Monday, May 4, 2009

Kyle Minor

Jedidiah Ayres interviewed Kyle Minor, author of In the Devil's Territory, a collection of short fiction, and co-editor of The Other Chekhov.

A brief excerpt from the Q & A:

Recently you took part in a panel on Postevangelical Literature and said you hadn’t heard a definition of the term yet. Any luck since?

I’ve heard plenty of definitions, and they don’t interest me much. I did the panel because my friend Scott Kaukonen (Ordination) had invited three other writers whose work is real, gritty, and true: Pinckney Benedict (Town Smokes), Angela Pneuman (Home Remedies), and David McGlynn (The End of the Straight and Narrow). The five of us have plenty of differences – aesthetic, temperamental, political, religious, commercial – but what we have in common is that we’ve decided it is brave and important to write about religion and religious people as forthrightly as the great Catholic writers (Andre Dubus, J. F. Powers, Graham Greene, Erin McGraw, etc.) have done before us, even though it runs us the risk of alienating, on the one hand, religious readers who don’t like it when people acknowledge how they are capable of pettiness and cruelty to match their generosity and goodness, and, on the other hand, literary readers of a particularly anti-religious bent who would just as soon have literature pretend that we don’t live in a country in which religion is a defining force for at least half the population, on account of some notion that talk about religion or religious people is bound to be vulgar, unsophisticated, unseemly. I guess it can be all those things, but those, anyway, are things literature is always involved in, when it’s doing its job. We ought to be writing about human trouble, not fantasizing about worlds of aesthetic and ideological purity.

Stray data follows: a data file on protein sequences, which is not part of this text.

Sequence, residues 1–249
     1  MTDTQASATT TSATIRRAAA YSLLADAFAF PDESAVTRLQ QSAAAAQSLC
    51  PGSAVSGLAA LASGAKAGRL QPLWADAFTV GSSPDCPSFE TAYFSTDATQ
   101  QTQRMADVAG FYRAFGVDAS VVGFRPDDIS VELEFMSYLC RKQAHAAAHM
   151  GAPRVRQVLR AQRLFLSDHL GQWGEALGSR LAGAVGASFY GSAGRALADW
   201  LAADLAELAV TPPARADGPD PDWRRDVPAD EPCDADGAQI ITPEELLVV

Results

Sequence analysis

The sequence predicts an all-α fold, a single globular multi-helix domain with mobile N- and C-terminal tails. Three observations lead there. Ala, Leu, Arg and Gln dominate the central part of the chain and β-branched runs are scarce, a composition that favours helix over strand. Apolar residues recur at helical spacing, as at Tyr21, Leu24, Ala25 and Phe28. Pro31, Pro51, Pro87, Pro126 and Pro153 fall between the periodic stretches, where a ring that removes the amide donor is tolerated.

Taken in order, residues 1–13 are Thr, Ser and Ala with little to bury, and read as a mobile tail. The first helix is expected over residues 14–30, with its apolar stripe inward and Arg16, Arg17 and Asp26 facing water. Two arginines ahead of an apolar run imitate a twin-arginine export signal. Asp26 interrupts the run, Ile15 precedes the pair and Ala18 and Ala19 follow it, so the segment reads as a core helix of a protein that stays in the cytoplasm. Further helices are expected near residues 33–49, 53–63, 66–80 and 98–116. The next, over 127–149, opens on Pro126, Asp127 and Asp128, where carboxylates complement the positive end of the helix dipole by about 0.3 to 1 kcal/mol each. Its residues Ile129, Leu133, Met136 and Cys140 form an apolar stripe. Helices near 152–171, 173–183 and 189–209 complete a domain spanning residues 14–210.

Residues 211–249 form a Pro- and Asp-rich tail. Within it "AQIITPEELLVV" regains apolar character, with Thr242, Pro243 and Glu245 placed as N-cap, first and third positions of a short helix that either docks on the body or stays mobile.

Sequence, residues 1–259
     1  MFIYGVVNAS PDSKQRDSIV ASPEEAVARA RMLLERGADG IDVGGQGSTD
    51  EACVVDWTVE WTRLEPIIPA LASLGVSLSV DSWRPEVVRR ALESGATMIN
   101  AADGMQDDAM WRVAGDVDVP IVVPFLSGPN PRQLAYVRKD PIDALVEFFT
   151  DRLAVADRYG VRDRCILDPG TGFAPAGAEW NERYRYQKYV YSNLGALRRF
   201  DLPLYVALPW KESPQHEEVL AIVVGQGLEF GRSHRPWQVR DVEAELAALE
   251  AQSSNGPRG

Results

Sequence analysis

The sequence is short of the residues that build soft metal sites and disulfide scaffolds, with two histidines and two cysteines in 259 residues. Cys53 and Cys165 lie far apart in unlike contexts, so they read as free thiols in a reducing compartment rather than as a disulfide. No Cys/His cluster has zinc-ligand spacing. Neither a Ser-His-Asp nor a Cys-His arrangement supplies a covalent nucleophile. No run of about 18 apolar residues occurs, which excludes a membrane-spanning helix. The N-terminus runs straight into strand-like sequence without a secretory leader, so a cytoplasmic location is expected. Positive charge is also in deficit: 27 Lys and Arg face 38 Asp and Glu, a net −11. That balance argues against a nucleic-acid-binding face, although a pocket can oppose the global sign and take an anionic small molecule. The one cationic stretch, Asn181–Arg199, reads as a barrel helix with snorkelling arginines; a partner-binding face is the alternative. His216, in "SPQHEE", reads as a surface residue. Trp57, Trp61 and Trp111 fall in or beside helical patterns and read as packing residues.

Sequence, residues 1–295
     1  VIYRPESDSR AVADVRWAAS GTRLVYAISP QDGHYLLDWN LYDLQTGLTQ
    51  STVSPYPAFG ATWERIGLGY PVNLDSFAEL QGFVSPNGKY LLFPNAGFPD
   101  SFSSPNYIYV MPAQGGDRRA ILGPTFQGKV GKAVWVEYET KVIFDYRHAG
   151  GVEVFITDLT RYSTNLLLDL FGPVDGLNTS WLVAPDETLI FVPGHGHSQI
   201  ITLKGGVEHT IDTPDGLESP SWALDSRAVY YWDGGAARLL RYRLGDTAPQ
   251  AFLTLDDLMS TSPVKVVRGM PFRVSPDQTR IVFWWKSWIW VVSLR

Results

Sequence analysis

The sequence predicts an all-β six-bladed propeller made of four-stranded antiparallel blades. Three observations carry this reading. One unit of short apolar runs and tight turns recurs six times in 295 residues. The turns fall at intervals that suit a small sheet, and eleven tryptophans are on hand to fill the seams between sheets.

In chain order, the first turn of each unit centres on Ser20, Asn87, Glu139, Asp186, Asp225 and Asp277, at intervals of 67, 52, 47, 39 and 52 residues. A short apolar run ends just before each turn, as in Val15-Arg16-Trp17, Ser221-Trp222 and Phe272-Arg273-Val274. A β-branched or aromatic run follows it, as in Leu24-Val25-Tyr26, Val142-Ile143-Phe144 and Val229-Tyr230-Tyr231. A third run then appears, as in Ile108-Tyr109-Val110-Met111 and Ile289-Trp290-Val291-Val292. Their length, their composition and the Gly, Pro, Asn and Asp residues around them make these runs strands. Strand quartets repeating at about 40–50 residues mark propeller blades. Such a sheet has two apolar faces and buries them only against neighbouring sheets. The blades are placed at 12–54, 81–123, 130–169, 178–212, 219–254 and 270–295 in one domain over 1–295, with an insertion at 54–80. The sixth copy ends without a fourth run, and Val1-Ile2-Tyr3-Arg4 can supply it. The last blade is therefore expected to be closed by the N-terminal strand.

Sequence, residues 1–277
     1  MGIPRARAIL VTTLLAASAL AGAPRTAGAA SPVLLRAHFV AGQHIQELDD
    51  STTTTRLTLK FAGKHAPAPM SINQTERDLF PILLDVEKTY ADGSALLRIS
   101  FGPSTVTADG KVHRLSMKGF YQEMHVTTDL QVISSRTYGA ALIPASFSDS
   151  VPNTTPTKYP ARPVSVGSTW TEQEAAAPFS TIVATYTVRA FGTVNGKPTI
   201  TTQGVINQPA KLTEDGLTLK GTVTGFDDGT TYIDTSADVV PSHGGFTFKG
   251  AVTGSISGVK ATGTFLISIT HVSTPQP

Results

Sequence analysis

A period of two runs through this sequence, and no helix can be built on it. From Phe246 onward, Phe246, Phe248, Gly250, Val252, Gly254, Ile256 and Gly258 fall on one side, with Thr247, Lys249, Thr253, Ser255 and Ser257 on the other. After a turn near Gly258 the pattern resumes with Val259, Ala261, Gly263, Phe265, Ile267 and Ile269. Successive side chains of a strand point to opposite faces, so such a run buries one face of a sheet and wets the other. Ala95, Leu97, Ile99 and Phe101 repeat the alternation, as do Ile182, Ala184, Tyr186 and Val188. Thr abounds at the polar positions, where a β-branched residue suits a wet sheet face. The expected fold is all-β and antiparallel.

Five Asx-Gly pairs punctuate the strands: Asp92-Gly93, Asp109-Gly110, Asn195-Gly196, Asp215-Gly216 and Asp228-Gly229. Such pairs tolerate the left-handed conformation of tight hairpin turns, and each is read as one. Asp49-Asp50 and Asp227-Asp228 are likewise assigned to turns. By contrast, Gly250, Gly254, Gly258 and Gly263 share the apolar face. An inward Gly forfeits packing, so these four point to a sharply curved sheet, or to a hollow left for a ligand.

Your voice sounds like it comes from experience, and not merely as a writer looking in. Just what is your fascination with evangelical culture?

I was raised Southern Baptist, spent fourteen years preschool to high school at an extreme fundamentalist high school where I was taught by graduates of places like Bob Jones University and Pensacola Christian College, went off to college planning to become a pastor, briefly became a pastor, rejected the role because...[read on]
See what Kyle Minor was reading in January 2009, and learn about his 25-city book tour.

Learn more about Kyle Minor and his work at his website, MySpace page, and Facebook page.

--Marshal Zeringue